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Chapter XIII.—He Entreats God for Her Sins, and Admonishes His Readers to Remember Her Piously.

34. But,—my heart being now healed of that wound, in so far as it could be convicted of a carnal 790 affection,—I pour out unto Thee, O our God, on behalf of that Thine handmaid, tears of a far different sort, even that which flows from a spirit broken by the thoughts of the dangers of every soul that dieth in Adam. And although she, having been “made alive” in Christ 791 even before she was freed from the flesh had so lived as to praise Thy name both by her faith and conversation, yet dare I not say 792 that from the time Thou didst regenerate her by baptism, no word went forth from her mouth against Thy precepts. 793 And it hath been declared by Thy Son, the Truth, that “Whosoever shall say to his brother, Thou fool, shall be in danger of hell fire.” 794 And woe even unto the praiseworthy life of man, if, putting away mercy, Thou shouldest investigate it. But because Thou dost not narrowly inquire after sins, we hope with confidence to find some place of indulgence with Thee. But whosoever recounts his true merits 795 to Thee, what is it that he recounts to Thee but Thine own gifts? Oh, if men would know themselves to be men; and that “he that glorieth” would “glory in the Lord!” 796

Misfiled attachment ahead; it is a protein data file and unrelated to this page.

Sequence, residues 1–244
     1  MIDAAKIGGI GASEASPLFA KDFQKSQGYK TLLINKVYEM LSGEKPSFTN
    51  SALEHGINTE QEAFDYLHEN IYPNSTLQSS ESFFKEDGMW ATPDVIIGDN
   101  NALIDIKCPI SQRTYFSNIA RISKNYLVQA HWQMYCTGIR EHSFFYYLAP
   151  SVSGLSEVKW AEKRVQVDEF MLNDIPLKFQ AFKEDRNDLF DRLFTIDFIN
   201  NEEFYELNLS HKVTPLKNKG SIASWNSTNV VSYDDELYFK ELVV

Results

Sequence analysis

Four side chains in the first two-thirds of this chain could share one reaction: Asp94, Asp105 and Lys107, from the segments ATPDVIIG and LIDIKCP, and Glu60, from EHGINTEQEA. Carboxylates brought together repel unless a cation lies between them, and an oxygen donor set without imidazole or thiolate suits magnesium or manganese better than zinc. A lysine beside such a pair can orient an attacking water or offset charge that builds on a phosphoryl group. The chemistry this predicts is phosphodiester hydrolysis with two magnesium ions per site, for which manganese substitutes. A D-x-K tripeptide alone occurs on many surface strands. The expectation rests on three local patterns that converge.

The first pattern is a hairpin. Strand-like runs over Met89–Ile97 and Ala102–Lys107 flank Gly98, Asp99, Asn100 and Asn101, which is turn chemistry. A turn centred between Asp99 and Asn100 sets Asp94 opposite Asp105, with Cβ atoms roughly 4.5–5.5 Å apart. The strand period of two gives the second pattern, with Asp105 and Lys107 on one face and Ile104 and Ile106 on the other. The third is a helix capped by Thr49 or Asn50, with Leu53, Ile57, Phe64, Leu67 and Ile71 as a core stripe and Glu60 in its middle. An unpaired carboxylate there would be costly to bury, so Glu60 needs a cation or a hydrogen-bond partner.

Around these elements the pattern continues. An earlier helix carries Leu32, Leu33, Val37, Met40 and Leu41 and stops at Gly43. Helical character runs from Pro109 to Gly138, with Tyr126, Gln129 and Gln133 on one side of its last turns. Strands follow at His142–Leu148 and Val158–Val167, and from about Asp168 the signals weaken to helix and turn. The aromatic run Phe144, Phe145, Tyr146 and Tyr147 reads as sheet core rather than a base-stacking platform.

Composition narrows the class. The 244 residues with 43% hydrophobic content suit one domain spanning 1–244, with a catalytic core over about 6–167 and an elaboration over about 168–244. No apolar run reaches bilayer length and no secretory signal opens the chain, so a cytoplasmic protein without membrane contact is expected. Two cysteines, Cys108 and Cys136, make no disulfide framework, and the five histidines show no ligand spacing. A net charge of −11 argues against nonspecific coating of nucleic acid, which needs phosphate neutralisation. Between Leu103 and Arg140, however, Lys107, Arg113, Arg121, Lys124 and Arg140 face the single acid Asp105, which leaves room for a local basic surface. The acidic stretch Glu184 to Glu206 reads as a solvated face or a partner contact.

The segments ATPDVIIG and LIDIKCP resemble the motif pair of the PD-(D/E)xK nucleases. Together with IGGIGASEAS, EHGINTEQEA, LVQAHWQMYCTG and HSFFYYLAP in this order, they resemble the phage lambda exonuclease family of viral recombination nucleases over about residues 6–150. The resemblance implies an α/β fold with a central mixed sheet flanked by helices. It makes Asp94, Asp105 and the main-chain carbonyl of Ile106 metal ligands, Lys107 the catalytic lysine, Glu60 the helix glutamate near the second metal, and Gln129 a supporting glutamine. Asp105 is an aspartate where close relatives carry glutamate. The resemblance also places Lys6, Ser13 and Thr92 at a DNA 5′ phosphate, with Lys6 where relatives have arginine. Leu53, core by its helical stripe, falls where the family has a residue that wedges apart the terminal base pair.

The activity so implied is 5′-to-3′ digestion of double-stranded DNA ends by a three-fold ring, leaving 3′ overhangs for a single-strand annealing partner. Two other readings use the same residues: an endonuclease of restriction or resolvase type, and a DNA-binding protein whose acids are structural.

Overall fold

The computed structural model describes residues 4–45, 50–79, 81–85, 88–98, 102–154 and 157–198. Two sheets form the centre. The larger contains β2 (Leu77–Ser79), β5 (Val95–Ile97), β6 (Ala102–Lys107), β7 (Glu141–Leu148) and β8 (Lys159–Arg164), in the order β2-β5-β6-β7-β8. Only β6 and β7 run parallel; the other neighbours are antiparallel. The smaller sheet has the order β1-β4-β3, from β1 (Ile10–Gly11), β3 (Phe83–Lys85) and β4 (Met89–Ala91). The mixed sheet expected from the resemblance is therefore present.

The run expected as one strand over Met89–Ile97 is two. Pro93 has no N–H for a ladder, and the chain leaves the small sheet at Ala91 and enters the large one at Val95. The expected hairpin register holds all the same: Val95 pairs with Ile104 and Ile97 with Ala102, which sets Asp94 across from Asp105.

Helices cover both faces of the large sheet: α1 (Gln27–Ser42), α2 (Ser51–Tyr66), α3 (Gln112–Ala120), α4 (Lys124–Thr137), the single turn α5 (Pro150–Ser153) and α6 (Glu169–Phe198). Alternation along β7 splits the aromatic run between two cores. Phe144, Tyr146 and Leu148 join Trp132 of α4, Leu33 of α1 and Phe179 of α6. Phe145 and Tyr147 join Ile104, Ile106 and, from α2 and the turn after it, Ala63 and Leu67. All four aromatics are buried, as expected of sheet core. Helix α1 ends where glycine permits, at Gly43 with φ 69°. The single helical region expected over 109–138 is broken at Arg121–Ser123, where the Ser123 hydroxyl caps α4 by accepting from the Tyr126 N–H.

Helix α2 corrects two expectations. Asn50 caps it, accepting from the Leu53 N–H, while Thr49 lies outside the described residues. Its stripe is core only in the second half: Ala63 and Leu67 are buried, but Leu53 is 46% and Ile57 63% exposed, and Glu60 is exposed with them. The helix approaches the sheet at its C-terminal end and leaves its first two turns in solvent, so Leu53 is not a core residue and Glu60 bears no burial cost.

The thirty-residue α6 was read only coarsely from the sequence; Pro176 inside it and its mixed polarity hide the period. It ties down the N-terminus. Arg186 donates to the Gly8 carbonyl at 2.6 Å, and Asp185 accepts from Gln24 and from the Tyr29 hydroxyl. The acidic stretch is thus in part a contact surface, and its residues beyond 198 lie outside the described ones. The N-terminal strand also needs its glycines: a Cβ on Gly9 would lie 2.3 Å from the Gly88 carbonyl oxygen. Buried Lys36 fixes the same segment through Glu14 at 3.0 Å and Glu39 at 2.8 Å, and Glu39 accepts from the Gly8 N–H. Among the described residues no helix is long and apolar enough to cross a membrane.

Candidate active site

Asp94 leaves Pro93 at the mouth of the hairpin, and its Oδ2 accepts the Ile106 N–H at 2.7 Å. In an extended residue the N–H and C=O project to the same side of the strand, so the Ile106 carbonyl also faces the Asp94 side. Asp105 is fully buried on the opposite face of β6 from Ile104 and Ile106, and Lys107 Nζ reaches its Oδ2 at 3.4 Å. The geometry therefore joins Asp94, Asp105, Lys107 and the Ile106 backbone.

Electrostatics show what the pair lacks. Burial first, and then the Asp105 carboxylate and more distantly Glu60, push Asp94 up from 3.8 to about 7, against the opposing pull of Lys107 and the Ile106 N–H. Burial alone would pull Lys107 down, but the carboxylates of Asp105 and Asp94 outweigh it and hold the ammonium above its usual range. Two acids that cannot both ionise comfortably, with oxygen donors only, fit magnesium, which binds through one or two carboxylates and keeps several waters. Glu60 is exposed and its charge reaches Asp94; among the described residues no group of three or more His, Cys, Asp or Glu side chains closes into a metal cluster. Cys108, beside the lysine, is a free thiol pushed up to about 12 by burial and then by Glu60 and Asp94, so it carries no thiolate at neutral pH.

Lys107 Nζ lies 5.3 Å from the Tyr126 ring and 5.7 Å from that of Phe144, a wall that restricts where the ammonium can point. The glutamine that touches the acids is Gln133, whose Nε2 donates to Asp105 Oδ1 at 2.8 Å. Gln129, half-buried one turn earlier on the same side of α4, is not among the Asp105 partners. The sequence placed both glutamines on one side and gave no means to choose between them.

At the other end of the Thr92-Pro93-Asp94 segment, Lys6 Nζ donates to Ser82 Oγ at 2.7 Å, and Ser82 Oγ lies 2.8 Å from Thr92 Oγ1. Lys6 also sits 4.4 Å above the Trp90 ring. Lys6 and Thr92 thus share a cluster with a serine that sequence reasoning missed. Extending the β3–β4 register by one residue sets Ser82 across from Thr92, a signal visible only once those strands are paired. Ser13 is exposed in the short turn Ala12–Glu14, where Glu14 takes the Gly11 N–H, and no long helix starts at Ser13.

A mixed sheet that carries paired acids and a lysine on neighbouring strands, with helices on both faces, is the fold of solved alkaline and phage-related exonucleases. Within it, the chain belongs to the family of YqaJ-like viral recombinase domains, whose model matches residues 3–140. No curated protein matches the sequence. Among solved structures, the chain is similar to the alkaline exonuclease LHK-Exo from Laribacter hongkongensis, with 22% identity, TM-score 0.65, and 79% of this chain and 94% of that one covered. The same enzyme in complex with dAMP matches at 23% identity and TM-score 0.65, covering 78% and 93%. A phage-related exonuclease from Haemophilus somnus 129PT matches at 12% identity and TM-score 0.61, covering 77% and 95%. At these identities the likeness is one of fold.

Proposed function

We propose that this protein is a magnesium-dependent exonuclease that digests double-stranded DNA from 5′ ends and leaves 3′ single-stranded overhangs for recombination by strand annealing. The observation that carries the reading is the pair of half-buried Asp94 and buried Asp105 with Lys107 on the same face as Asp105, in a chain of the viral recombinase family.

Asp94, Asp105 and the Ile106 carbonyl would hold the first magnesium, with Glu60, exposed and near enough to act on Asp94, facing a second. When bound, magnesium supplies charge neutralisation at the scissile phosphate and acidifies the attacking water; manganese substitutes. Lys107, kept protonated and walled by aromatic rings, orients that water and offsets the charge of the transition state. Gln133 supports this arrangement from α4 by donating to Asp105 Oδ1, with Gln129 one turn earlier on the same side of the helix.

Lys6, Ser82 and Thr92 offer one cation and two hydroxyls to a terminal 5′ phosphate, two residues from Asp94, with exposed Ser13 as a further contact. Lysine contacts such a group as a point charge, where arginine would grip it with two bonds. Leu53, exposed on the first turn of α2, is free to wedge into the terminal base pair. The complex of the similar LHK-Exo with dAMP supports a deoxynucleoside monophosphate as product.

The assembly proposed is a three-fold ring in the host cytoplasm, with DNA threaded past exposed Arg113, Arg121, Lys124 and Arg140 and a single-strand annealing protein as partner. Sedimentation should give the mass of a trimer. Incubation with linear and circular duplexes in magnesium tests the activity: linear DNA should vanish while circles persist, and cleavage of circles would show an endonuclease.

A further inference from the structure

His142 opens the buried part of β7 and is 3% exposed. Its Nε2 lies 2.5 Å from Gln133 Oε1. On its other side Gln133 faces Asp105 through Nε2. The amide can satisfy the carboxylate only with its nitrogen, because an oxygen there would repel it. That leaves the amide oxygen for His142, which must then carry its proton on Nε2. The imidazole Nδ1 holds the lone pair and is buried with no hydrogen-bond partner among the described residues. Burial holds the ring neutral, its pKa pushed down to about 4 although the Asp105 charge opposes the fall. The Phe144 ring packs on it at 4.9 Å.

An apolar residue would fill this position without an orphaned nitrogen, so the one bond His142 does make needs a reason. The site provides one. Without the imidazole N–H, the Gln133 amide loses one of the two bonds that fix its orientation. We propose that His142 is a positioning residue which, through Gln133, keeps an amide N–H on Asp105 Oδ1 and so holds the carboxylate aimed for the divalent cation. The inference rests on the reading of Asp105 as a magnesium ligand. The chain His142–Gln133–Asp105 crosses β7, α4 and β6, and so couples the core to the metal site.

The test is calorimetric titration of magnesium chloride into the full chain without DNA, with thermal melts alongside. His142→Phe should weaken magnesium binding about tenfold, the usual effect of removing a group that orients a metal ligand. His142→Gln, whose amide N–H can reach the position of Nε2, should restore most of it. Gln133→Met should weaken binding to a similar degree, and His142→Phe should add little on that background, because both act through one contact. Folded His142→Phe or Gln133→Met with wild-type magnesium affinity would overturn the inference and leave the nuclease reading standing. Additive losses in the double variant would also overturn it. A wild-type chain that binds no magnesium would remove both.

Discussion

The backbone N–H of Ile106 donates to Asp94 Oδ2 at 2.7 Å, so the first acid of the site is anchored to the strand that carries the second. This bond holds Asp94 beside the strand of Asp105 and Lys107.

35. I then, O my Praise and my Life, Thou God of my heart, putting aside for a little her good deeds, for which I joyfully give thanks to Thee, do now beseech Thee for the sins of my mother. Hearken unto me, through that Medicine of our wounds who hung upon the tree, and who, sitting at Thy right hand, “maketh intercession for us.” 797 I know that she acted mercifully, and from the heart 798 forgave her debtors their debts; do Thou also forgive her debts, 799 whatever she contracted during so many p. 141 years since the water of salvation. Forgive her, O Lord, forgive her, I beseech Thee; “enter not into judgment” with her. 800 Let Thy mercy be exalted above Thy justice, 801 because Thy words are true, and Thou hast promised mercy unto “the merciful;” 802 which Thou gavest them to be who wilt “have mercy” on whom Thou wilt “have mercy,” and wilt “have compassion” on whom Thou hast had compassion. 803